2020 Fantasy Baseball: Doc's FSGA Draft Review (Rounds 18-23)
Daily Dr. Roto—February 7, 2020
Rounds 18-23 of FSGA Fantasy Baseball Experts Draft
Last week, I began my quest to win the 2020 FSGA Fantasy Baseball League. I had the fifth pick (out of 14 teams) and am competing against some of the top Fantasy Baseball experts in the industry. Although we are drafting in January, this draft unofficially “kicks off” the Fantasy Baseball season.
The first eleven rounds were completed last week in Las Vegas. The remaining rounds will be completed by slow draft over the coming weeks. You can follow the draft along here.
For now I’m just going to focus on my picks so you can see my thinking and get a better understanding about the choices I have make to fill out my roster.
Round 18: A.J. Pollock, LAD OF
Why I selected him: How many of you remember 2016 when Pollock was a third-round pick? Pollock was coming off a 20 HR/39 SB season with the Diamondbacks, and many Fantasy Baseball experts were projecting great things for him. Sadly, injuries have sullied his last four seasons, and he has never had more than 425 at-bats in any one season since 2016. Were his injuries fluky? Possibly. They also ward off a ton of Fantasy Baseball owners who see his name on draft boards and cringe. I decided this year that his talent was worth drafting. More importantly, he plays on a team that will be competing for a World Series, so I expect that when he is in the lineup, he will be productive. I am not foolish enough to think that this will be the season he stays healthy and gives me 600 at-bats (I have accepted that 450 at-bats from him). I also plan to pair him up with another player on my bench who I can use for about 150 at-bats when Pollock inevitably ends up on the injured list.
Round 19: Andrew Heaney, LAA SP
Why I selected him: Heaney is another player who scares off Fantasy Baseball owners from drafting him simply because of his checkered injury history. Last year he had an elbow issue early on in the season followed by a shoulder ailment in mid-season. However, when he did pitch, he got tons of strikeouts. In fact, Heaney had 118 Ks in only 95.1 IP. More importantly, he keeps his walks to a minimum (118/30 K/BB ratio) and pitches for one of the top teams in the AL West. I am not anticipating him throwing 180+ innings, but similar to Pollock; I will take whatever I can get. If Heaney miraculously throws 150 IP, he should easily have 200+Ks, which would be a steal in the 19th round.
Round 20: Niko Goodrum, DET SS
Why I selected him: Utility players get a bad rap. Drafters tend to overlook them, thinking that they are not getting a star at a specific position. I believe that is the wrong way to think about them. I believe that I am getting a good player who can qualify for three positions. A baseball season is incredibly long (too long IMHO) and there will be times that I look to the bench to find a player who I can plug into various positions. Enter Goodrum. Niko qualifies at 2B-SS-OF, which gives him sneaky Fantasy value. Even better is that he has an excellent chance of going 20/20 if he can get 550 at-bats (last year, he went 12/12 in 423 ABs).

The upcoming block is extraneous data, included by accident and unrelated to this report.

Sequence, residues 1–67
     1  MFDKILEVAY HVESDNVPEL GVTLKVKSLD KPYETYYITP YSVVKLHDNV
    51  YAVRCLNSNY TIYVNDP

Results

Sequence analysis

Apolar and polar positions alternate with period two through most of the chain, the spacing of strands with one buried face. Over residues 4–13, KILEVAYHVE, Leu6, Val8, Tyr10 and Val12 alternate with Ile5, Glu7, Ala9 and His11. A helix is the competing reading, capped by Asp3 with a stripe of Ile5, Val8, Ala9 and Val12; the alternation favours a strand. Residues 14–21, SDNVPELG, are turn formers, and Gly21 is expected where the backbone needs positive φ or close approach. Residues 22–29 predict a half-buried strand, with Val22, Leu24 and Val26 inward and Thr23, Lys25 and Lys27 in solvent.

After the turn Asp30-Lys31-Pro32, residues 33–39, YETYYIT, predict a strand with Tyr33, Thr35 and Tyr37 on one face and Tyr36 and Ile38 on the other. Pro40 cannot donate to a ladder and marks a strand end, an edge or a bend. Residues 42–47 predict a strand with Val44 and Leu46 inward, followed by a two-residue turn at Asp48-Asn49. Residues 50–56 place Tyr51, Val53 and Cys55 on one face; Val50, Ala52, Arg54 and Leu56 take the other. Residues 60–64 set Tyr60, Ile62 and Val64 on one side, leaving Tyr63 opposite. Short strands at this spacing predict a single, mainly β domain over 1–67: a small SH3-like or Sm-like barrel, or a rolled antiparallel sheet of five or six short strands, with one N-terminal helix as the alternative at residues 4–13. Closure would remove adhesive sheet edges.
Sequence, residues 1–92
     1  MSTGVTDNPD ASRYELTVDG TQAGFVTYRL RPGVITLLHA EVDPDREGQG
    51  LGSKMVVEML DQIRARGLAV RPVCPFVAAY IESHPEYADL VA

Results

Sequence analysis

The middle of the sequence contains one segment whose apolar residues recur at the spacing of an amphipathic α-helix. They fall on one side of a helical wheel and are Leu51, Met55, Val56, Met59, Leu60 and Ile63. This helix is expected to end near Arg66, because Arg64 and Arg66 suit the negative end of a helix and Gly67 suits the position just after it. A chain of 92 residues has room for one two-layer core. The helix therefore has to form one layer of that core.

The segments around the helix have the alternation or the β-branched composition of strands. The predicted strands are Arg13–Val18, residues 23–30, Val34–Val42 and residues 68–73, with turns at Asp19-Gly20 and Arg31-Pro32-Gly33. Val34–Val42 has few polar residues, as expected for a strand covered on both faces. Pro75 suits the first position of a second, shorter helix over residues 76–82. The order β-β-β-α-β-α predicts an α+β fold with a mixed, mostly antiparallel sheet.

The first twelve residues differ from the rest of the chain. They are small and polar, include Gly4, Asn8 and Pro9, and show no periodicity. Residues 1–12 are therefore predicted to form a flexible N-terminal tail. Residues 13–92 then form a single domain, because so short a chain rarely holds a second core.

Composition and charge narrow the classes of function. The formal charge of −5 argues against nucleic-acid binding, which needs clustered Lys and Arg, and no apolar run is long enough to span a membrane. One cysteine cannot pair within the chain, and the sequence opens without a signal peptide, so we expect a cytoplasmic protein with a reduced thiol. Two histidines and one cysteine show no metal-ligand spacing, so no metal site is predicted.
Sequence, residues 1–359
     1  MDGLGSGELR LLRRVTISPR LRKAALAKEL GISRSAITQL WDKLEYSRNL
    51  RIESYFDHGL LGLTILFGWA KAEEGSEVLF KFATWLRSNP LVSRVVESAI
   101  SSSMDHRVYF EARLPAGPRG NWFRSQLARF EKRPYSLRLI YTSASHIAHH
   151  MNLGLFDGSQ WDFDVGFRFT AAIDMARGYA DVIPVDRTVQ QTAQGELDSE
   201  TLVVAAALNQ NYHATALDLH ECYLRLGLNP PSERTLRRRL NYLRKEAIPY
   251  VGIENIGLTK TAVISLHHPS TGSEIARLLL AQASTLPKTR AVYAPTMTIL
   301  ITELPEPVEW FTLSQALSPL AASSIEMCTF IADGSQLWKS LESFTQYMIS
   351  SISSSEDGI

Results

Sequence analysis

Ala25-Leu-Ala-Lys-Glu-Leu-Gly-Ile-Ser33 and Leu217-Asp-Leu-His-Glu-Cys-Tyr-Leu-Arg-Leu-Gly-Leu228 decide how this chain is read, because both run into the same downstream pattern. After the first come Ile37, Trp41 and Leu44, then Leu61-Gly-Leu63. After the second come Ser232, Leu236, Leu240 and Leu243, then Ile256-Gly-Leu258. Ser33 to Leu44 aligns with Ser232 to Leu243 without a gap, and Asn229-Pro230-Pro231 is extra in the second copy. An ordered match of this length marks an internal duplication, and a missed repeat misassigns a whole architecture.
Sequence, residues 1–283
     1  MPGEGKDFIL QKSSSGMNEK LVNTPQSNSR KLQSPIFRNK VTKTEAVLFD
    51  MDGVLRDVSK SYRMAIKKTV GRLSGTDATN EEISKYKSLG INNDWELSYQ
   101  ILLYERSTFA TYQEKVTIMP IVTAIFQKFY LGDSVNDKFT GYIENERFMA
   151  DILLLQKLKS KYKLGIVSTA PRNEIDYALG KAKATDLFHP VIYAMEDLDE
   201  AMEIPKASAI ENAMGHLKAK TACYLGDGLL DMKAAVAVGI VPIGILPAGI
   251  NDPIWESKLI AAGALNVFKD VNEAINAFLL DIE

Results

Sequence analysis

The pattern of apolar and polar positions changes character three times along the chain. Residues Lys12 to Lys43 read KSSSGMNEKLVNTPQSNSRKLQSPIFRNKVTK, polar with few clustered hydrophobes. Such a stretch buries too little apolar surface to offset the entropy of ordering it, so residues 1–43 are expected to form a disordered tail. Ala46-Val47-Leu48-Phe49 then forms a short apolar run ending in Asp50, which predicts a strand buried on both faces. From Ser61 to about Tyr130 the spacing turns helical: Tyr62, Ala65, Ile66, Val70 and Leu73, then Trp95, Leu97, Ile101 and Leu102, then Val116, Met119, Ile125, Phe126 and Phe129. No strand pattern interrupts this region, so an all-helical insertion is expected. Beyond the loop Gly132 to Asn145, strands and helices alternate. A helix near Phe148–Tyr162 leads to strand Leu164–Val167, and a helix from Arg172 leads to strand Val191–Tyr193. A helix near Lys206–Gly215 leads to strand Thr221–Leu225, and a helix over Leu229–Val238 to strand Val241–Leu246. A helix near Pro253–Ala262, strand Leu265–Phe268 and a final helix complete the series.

Round 21: Jason Castro, LAA C
Why I selected him: Most high stakes (and expert) leagues require their owners to start two catchers. And while it’s hard sometimes to find one catcher who you like, it’s even hard to find a second catcher! Thus, taking a second catcher becomes a big game of chicken amongst Fantasy owners. No one wants to take their second guy until the very last minute—however—at the same time, no one wants to be left holding the bag and taking a scrub at the end. I held off as long as I could before taking Castro. In Round 21, there were two catchers I liked: Castro and Robinson Chirinos from the Rangers. I decided on Castro for two reasons: 1) the Angels should limit his at-bats to RHP, which he is more successful in hitting, and 2) the Angels offense is much improved. He should have a chance to not only have 20+ HR but decent counting stats as well—so long as his batting average doesn't kill me.
Round 22: Matt Magill, SEA RP
Why I selected him: Finding a second closer is like finding the prize in a box of cereal: you must dig deep and get your hands all dirty, and then when you find it, it is often stale. At this point in the draft, I was excited to get Magill. Magill started last season in Minnesota but was later dealt to Seattle, who decided to use him in the bullpen where he began to show a proclivity as a closer. He converted five out of seven save chances (that's good for a Mariners closer), and he is heading into spring training with the job. If Magill can last till the All-Star Break and get me about 15 saves, I will be thrilled. By that point, I hope to find another closer in FAAB who I can pair with Jimenez in case Magill's luck turns sour.
Round 23: Kole Calhoun, AZ OF
Why I selected him: In one of my earlier articles, I discussed “following the money.” This one motto can often help Fantasy owners as they try to figure out who teams plan to play and who they plan to sit. When the cash-strapped Diamondbacks decided to pay Calhoun $16 million for a two-year contract this off-season, I took notice. They obviously think his power will play out well in Arizona, and they see him as a potential run producer in the middle of their lineup. Admittedly, I am a bit worried that Calhoun will hit less than .230, thus killing me in the batting average category, but I think if I can play him at home and in Colorado, I might be able to get the best out of him.